Clinical Lab Manager
Studies conducted over the past decade have demonstrated how the SARS virus (SARS-CoV) infects animal and human host cells. Now, a study published January 29, 2020 in the Journal of Virology finds that the Wuhan coronavirus (2019-nCoV) uses the same receptors as the SARS CoV to gain entry into cells.
The researchers compared previous data on the SARS-CoV spike protein receptor-binding domain 30 (RBD), which recognizes angiotensin-converting enzyme-2 (ACE2) host receptors, with the newly released sequence of the Wuhan coranovirus. They found that the 2019-nCoV RBD sequence is similar to that of SARS-CoV, suggesting that 2019-nCoV also uses ACE2 as its host receptor. Several critical residues in the 2019-nCoV RBM provide favorable interactions with human ACE2, consistent with 2019-nCoV's capacity for human cell infection, the researchers report. Other critical residues in 2019-nCoV RBM are compatible with, but not ideal for, binding human ACE2, suggesting that 2019-nCoV has acquired some capacity for human-to-human transmission. While their phylogenetic analyses indicate a bat origin of 2019-nCoV, the researchers write that the virus also potentially recognizes ACE2 from a variety of animal species including pigs, ferrets, cats, and non-human primates, any of which could potentially serve as intermediate hosts for 2019-nCoV infections.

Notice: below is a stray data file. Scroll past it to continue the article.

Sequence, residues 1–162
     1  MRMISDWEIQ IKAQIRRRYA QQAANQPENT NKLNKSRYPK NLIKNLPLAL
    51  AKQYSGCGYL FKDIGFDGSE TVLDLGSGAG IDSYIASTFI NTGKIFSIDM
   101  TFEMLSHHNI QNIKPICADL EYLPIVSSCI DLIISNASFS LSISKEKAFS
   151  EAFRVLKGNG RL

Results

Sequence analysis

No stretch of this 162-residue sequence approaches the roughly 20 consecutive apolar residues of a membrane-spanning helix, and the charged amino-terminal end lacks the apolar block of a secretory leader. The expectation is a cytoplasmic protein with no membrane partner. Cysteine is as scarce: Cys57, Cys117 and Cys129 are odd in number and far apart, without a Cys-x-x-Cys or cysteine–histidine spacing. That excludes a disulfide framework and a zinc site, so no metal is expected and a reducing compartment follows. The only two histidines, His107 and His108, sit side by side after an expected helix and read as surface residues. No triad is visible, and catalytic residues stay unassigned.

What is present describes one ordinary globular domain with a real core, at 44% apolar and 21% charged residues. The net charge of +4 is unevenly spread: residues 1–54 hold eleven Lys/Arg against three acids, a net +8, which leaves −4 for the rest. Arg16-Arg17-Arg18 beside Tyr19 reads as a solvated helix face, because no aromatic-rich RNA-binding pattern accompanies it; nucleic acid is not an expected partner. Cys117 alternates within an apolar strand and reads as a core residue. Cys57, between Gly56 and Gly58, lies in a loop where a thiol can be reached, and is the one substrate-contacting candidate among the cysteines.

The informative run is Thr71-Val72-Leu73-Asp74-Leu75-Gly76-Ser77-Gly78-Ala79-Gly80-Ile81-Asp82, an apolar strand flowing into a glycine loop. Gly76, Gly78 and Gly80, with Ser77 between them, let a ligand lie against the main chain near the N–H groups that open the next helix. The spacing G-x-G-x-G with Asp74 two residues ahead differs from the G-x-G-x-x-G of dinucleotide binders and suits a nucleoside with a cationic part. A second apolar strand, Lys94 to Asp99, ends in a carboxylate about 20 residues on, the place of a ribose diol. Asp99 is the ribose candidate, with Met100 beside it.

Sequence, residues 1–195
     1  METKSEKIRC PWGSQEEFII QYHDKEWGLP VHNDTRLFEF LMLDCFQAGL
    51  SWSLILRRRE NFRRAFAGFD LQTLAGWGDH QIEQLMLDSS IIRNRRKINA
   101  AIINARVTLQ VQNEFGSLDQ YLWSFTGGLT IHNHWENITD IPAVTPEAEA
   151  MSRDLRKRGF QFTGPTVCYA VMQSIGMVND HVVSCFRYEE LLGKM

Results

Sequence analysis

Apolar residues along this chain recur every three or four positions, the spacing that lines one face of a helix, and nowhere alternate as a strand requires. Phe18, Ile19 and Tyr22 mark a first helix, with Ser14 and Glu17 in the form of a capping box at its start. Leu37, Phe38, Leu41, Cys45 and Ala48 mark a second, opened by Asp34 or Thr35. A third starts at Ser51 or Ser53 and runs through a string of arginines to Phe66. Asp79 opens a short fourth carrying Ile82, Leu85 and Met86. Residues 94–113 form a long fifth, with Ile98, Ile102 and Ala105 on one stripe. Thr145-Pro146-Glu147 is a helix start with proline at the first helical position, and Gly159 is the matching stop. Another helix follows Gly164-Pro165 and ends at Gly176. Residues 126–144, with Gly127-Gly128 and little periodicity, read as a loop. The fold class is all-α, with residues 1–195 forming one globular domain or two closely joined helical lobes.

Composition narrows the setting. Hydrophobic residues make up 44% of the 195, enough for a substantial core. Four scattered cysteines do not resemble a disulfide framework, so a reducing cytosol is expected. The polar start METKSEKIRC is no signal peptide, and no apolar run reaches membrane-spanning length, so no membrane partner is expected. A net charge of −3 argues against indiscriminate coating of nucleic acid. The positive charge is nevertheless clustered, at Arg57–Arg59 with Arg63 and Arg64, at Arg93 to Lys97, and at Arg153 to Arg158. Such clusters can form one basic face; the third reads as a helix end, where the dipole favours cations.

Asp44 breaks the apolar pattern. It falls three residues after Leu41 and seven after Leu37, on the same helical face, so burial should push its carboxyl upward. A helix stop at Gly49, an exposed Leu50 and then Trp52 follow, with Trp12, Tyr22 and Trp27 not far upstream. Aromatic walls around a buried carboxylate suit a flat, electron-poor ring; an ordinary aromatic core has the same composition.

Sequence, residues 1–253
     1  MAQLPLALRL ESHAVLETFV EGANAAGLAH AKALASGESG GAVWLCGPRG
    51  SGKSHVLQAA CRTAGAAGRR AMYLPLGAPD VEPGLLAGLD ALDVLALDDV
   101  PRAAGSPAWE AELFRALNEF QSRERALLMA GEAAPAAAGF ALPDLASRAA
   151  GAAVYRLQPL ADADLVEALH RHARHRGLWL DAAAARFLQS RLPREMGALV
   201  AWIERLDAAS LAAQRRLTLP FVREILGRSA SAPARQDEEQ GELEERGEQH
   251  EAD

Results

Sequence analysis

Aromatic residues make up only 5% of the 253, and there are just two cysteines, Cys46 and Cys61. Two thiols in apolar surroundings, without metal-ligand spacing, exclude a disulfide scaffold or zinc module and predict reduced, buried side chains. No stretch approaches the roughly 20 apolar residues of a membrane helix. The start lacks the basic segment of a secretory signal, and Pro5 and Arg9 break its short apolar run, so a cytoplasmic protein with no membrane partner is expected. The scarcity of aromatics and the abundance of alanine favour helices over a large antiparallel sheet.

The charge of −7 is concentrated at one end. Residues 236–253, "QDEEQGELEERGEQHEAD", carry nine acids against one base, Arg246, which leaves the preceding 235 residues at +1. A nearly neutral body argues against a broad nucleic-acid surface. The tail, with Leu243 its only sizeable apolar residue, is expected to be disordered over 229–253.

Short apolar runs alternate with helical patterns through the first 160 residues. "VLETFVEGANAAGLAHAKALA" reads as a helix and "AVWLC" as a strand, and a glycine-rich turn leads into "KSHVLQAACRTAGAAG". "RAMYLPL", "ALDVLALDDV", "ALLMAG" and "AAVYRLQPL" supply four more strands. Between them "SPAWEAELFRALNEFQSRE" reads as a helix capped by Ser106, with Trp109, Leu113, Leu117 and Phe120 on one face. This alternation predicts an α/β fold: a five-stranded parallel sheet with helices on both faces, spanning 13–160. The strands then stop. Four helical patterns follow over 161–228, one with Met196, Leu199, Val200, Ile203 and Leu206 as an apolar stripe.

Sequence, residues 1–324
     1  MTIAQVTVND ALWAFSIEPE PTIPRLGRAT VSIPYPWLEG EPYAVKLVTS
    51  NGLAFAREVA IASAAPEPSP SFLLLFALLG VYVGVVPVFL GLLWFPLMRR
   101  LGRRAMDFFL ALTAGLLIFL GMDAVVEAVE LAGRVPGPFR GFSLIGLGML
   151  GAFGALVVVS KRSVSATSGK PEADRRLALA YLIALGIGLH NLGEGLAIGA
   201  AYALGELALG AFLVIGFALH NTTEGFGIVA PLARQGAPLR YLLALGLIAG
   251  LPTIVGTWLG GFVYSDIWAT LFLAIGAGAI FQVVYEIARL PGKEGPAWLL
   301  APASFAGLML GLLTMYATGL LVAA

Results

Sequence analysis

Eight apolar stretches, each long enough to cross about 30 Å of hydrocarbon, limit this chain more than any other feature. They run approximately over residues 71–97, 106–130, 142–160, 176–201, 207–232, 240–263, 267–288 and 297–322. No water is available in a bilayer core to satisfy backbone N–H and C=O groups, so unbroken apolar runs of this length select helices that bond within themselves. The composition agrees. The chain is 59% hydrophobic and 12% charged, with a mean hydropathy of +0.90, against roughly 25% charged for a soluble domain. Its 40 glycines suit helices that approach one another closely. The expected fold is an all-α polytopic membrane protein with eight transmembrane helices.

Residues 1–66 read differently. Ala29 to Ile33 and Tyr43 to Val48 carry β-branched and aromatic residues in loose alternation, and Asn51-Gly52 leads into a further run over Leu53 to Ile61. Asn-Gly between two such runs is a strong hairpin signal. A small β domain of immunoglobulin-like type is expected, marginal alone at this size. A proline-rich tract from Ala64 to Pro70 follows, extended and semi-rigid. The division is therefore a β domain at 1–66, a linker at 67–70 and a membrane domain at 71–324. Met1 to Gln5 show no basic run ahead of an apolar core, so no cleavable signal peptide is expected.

Notably, the study also finds that a single mutation could significantly enhance the Wuhan coronavirus's ability to bind with human ACE2. Therefore, the authors recommend that viral evolution in patients be closely monitored for the emergence of novel mutations, in order to predict the possibility of a more serious outbreak.